Why You Won't See King Charles Singing The British National Anthem

There was a lot to take in during the historic coronation of Britain's new monarch, King Charles III. Between the lavish parades and a healthy dose of family drama, royal watchers also witnessed a beautiful sense of national pride fitting for such a grand occasion. The country's flags were raised high by all in attendance and there was plenty of singing too. And nothing conveys a sense of adoration for one's country as endearingly as the iconic British national anthem. 

During the coronation, everyone joined together to sing along — all except for one very important person. Charles was reportedly getting a little impatient during the two-hour ceremony; there was even a lip reader claiming the king complained to Queen Camilla about the Prince and Princess of Wales's tardiness. Some people may have been wondering if that perceived attitude is why the monarch decided to clam up when it was time to sing the national anthem. 

But it wasn't a lack of enthusiasm that had Charles' lips sealed while everyone else sang their hearts out. According to E! News, the reason the king didn't sing along with his guests is simply because "God Save the King" is meant to be sung to him.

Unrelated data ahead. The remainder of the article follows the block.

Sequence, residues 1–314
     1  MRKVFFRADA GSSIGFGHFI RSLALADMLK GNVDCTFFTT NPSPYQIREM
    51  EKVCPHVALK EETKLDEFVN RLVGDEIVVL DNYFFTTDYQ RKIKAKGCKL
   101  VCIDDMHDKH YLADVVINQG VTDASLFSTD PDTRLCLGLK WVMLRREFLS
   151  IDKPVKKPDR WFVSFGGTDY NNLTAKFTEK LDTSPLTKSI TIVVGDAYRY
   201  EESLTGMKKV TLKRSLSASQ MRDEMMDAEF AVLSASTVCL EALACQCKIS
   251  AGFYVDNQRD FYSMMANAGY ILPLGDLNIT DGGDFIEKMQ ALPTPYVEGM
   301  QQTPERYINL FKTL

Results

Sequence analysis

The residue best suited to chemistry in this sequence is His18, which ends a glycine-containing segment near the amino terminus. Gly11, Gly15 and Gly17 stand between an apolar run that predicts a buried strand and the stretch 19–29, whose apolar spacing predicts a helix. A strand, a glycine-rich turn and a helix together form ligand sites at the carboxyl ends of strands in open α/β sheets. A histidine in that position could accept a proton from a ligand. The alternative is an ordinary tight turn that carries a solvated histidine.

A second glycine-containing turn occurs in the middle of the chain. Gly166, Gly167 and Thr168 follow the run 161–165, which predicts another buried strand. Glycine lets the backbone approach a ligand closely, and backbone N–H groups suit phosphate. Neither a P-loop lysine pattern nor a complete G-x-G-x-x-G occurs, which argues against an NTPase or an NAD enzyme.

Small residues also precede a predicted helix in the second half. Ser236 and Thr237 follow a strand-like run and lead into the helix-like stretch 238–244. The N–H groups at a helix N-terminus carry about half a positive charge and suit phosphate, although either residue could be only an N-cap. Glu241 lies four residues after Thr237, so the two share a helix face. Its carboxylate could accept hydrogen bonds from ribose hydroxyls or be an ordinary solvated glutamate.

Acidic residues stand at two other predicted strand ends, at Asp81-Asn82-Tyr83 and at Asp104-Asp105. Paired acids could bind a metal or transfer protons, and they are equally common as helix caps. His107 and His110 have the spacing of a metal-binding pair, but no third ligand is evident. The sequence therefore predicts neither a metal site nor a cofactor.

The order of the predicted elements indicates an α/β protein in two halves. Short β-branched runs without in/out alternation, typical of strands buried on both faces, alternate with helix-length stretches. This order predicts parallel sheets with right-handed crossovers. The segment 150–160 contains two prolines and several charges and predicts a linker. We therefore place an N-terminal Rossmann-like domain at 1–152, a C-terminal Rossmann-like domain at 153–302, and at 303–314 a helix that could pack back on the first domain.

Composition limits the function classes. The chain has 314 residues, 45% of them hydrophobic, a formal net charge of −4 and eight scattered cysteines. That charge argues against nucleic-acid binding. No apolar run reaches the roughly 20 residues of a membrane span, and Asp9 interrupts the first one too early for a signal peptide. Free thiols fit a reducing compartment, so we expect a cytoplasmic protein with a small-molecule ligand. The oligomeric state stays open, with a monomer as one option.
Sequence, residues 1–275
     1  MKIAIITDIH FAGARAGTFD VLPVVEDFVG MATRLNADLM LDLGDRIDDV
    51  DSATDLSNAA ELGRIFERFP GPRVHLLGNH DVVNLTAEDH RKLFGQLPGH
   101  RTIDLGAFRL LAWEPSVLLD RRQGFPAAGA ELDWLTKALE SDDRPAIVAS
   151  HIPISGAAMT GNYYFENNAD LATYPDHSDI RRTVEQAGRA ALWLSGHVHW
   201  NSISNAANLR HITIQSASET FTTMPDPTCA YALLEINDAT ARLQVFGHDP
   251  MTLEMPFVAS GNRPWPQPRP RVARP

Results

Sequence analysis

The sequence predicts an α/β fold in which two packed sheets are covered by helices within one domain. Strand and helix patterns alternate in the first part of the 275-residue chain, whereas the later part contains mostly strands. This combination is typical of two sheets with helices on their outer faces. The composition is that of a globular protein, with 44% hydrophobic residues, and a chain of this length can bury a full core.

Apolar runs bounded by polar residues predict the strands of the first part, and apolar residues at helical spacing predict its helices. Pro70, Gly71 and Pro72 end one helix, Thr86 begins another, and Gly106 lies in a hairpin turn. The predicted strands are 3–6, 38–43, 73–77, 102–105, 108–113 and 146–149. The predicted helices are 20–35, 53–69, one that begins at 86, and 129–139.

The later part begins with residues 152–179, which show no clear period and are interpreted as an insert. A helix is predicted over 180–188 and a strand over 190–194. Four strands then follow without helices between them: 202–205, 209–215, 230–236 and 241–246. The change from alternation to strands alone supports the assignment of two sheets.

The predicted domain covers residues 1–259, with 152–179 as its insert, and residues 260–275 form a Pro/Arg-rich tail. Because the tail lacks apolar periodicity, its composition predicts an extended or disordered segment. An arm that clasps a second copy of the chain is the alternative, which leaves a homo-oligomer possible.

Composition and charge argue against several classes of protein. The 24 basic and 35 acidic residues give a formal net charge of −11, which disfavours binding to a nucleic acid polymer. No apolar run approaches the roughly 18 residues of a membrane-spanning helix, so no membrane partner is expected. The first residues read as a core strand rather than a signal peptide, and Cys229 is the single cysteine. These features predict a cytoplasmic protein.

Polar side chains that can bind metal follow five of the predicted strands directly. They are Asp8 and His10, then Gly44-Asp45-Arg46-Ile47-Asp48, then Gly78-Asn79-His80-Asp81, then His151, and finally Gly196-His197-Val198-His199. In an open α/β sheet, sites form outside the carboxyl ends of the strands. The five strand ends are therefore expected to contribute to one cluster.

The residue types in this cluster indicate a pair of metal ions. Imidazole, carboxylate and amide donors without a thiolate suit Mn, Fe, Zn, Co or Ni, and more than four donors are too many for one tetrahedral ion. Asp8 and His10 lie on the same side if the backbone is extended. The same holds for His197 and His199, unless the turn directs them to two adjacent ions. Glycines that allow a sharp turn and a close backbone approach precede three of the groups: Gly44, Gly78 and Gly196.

It's tradition for the monarch not to sing the anthem

King Charles III may not have sung along to the national anthem at his coronation, but a shortage of national pride isn't the cause of his silence. Britain's new ruler kept quiet during the song because it is a longstanding tradition for the anthem to be sung to the monarch rather than by them. According to the royal family's official website, the song was originally composed in 1745 to celebrate Prince Charles Edward Stuart's war victories. 

This later became "the custom of greeting monarchs," and is sung whenever they make an appearance at a public event. While the singing takes place, the monarch must remain silent. It's worth noting, too, that the anthem is labeled as a "greeting" when sung with a monarch in attendance, hence the reason why Charles didn't join in with everyone else at his coronation. 

In fact, it was the crowd's way of showing their appreciation for and solidarity with their new leader and, as tradition dictates, Charles quietly and respectfully listened on.

The lyrics changed following Queen Elizabeth's death

In the above clip, of the late Queen Elizabeth II's 85th birthday celebration, you'll notice certain similarities between how she responded to the national anthem and how her son behaved at his coronation. Westminster Abbey was packed full of guests solemnly singing "God Save the Queen" to the royal, but as the camera pans closer, it's clear that Her Majesty isn't singing along. You'll also notice that the lyrics refer to a "queen" and not a "king," as was heard at the coronation. 

The song is officially changed depending on whether there is a king or a queen on the throne. The most recent change in lyrics began at the end of Queen Elizabeth's closed-casket funeral when Charles took over the throne, according to The Guardian. In Westminster Abbey once again, the funeral attendees sang a new version of the anthem, "God Save the King." 

This newest version is, therefore, sung in honor of King Charles III. Sticking to tradition even on a tragic day, the new king remained silent. However, his wife, Queen Camilla, did sing along next to him.